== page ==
Dipole/aperiodic hybrid bass sollution


2008-11-06 9:15 pm
I've been playing with some thoughts of a possible open baffle aperiodic bass sollution for small rooms, which would allow for close wall placement. The idea is to totaly encase the back of the driver and baffle with thick "studio" type foam like illustrated below.

Have this been tried before? The driver being the Seas A26RE4 in my case, and the baffle being something like 30x80 cm.


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I've built a few systems like that, except with heavy wool felt (12-25mm thick) sandwiched between heavy steel screens to immobilize the felt. The effect is most prominent at HF where the system tends to act like a monopole, at DC it is still a dipole, with a continuum between the frequency extremes.

The approach seems most useful to achieve a "boxless" sound with reduced midrange reflections from the front wall as well as dipole peaks and dips.

For this baffle, the screens and felt were attached to the semi-circular rails around the back.


Hi kids, let me tell you about a Bozak system I used in 1968 exactly like that. Yes, you just take off the back... the innerds were stuffed full. It had two of those fabulous 8 inch aluminum latex covered cones and a pair of like tweeters.*

Sounds odd, but I think that's one of the best kind of boxes. The best advantages of sealed and open, with no contrived resonances. I never checked out how low it went but I used it with a 140 Hz crossover to my Klipschorn (yes, have the same one today).

I wouldn't be surprised if the OB folks would have liked the sound. And I might add, you could do the EQ they are using. BUT is it wise to go with the Linkwitz OB EQ because it is simple to wire or to go lower acoustically (with a larger box, like here) and more complicated electrically?

*Seemed fabulous at the time. By I also added 9 fried-egg tweeters per side.
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2008-11-06 9:15 pm
Thanks for the replies :) Seems like this could work out well.

How low do you think the Seas A26RE4 would go in a baffle like this? Edge software can't account for driver parameters and foam sollutions such as this.

Do anyone have experience with bass like this vs. sealed? How is does it "feel"? I want punch, tightness and drama... 40 hz is sufficient.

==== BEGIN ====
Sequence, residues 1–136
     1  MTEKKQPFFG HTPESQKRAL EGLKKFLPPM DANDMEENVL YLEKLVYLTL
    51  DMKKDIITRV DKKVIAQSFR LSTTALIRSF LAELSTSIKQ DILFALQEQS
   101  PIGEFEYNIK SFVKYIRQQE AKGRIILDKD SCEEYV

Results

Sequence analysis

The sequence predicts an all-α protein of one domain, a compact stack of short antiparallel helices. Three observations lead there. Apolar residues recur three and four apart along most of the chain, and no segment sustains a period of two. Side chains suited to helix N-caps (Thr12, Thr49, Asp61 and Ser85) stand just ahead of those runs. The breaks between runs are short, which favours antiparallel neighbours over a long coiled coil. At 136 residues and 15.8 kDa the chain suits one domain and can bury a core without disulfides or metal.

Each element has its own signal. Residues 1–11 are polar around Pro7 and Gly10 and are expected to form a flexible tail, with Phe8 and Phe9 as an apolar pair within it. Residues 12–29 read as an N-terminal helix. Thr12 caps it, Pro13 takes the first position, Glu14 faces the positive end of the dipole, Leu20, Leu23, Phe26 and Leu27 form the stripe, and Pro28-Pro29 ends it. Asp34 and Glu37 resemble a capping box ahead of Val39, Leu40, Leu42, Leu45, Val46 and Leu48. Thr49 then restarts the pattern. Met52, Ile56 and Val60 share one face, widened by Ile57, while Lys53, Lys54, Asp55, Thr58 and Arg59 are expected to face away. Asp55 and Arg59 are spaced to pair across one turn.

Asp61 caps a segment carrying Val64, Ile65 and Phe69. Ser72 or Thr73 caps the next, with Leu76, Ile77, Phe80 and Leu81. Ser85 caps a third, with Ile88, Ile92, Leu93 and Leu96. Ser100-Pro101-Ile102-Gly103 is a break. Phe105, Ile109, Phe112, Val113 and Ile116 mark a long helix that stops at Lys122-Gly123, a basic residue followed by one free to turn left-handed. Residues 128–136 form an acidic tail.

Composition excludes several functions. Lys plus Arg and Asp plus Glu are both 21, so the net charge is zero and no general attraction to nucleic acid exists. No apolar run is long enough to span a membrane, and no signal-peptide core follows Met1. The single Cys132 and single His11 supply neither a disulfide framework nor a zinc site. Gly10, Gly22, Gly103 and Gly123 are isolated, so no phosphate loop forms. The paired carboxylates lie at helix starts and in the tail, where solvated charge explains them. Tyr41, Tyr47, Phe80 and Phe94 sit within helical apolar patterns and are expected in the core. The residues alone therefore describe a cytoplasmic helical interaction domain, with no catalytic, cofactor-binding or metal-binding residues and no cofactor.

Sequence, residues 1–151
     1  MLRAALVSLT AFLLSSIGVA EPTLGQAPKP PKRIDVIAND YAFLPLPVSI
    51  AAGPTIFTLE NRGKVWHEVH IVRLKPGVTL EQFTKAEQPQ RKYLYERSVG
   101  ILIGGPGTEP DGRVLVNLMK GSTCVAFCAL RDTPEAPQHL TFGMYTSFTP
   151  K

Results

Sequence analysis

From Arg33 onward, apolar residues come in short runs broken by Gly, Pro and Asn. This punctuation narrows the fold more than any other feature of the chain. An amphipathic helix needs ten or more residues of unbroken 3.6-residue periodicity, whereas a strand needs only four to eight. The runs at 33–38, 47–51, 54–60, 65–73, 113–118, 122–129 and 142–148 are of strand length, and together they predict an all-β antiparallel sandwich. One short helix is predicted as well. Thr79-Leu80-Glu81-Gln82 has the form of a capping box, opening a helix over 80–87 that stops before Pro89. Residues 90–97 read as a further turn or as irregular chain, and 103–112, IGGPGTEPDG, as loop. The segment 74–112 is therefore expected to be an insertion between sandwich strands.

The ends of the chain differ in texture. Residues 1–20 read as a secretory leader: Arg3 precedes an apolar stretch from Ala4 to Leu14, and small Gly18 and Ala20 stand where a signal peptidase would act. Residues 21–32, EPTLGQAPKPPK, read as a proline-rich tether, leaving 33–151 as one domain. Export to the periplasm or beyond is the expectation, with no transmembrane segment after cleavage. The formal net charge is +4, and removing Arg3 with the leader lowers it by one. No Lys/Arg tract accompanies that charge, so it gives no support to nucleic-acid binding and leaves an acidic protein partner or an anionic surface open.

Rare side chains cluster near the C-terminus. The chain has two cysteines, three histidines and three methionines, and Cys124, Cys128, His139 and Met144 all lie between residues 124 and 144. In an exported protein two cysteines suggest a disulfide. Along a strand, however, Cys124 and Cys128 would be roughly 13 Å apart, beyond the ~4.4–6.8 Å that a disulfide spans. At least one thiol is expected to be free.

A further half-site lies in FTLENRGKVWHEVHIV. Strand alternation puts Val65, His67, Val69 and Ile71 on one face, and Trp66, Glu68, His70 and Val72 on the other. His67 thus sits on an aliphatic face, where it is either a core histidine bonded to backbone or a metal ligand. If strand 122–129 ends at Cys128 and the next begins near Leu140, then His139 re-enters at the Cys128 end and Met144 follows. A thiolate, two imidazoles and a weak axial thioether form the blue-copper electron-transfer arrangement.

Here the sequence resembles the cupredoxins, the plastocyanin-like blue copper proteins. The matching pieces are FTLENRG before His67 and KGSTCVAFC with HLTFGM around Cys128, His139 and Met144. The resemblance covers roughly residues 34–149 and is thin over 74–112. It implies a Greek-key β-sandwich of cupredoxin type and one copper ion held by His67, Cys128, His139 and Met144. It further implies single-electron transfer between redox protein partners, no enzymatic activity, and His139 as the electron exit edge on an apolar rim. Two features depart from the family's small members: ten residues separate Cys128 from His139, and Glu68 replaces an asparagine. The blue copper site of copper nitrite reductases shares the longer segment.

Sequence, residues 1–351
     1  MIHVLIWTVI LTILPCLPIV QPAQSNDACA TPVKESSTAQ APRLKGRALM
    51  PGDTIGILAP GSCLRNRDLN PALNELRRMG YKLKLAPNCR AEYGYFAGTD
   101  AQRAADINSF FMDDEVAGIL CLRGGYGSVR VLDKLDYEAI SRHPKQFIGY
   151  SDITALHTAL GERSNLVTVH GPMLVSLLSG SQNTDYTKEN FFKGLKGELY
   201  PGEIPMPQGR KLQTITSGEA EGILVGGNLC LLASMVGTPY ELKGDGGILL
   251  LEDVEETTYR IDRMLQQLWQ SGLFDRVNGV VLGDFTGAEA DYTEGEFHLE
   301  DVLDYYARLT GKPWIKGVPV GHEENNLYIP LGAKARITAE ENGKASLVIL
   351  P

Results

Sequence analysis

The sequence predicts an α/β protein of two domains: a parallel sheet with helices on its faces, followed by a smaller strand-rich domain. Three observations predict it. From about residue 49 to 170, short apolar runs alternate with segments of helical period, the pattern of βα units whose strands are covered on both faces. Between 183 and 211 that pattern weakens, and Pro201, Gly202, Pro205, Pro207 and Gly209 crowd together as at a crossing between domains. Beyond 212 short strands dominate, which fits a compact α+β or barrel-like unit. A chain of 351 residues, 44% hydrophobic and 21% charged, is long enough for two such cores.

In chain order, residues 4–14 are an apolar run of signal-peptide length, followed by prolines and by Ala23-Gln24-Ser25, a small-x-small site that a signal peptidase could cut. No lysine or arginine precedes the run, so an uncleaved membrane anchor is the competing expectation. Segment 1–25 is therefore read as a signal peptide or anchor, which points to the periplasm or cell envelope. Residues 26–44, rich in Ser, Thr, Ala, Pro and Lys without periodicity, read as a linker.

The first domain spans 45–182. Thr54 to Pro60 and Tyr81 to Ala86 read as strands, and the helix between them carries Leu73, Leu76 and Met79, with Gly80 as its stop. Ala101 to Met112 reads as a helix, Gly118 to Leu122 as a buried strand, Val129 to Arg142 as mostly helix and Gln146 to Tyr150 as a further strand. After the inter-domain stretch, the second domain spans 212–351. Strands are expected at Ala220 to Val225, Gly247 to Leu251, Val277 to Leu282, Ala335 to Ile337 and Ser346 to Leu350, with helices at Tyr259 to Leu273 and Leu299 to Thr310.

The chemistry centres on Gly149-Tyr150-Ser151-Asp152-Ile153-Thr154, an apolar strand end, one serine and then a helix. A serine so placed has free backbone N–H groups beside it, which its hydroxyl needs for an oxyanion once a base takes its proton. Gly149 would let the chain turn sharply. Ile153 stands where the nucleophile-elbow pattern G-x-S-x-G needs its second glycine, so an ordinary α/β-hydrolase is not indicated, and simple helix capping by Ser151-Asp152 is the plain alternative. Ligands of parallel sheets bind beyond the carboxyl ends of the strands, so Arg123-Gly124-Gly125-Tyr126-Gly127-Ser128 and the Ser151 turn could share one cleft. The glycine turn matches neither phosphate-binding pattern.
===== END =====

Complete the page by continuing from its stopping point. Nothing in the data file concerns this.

Cheers :)


2009-06-24 10:49 pm
You can work out the NRC and adjust Linkwitz's spreadsheets accordingly to determine if it'll hit your targets. The baffle size, absorbent material, amount of absorber, and desired distortion and SPL levels are needed to answer your question so you'll probably get better results answering it yourself. Fs of the A2612RE6 is 25Hz, so there's nothing fundamentally stopping getting to 40Hz if you've the necessary equalization capabilities---digital crossover and EQ is handy here.

In my experience dipole bass is good stuff due to the reduced room interactions but the more you damp the rear wave with this approach the more it'll turn into a cardiod. So basically it's a lot of work to end up with something whose directivity is better than a conventional box speaker but worse than an undamped dipole. That's one of of the reasons I abandoned it, though you might find John Kreskovsky's writeups of cardiod/U baffle bass helpful. Another is the amount of foam required; a modest 0.9 NRC in the low bass requires something like four feet of foam. That's both physically and financially unwieldy for most folks and it's probably easier and cheaper to apply room treatments to create live end-dead end or dead end-dead end listening spaces which attenuate the rear wave. See the more recent pages of Stig Erik's Open Baffle with Beyma TLP150 thread in this forum for examples. Personally I've not tried a full on dead end approach but I've fooled with it a bit and concluded that like most directivity things consistency is important. For example, my listening room has two windows behind and a third window and a doorway beside the speakers which I'm not willing to block off, so I can't make the rear hemisphere consistently dead; I've found I get better results from dipole.

As something of an aside, but the logical endpoint of the damped rear wave approach is infinite baffle. As in wall off part of your room and fill the cavity behind the wall with fiberglass, rockwool, and such. The difficulties are cost, labor, space, and getting the wall/baffle holding the speakers not to vibrate. Mostly the latter; unless you're lucky and have just the right closet to start with a nude swinging dipole and room treatment is probably lower cost and easier to build. I couldn't find ways to do infinite baffle or quasi-infinite baffle builds like the one you propose that were competitive with nude swingers.